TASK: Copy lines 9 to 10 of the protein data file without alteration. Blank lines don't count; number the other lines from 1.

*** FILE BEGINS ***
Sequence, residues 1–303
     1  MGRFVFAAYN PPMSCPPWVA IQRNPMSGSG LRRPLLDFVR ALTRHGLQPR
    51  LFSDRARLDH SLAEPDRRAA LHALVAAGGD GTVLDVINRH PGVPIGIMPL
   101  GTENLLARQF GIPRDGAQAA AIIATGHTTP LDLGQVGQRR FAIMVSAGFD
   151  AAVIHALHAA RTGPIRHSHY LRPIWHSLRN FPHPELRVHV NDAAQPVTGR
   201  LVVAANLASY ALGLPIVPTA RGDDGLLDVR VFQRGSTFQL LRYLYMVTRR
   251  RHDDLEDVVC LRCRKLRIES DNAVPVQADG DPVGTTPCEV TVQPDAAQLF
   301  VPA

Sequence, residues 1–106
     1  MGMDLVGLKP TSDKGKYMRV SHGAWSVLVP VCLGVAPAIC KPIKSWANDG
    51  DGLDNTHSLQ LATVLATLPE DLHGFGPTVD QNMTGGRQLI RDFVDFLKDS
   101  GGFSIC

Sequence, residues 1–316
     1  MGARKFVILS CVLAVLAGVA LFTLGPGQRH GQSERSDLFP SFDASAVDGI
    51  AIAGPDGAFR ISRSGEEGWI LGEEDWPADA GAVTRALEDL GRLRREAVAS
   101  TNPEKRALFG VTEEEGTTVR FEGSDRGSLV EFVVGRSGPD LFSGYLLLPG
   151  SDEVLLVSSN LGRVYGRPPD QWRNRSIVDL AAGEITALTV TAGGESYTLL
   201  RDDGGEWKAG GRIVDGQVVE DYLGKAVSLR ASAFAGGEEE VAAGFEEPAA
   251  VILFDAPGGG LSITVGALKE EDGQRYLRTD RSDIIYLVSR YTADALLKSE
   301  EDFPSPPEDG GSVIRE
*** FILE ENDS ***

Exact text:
Sequence, residues 1–106
     1  MGMDLVGLKP TSDKGKYMRV SHGAWSVLVP VCLGVAPAIC KPIKSWANDG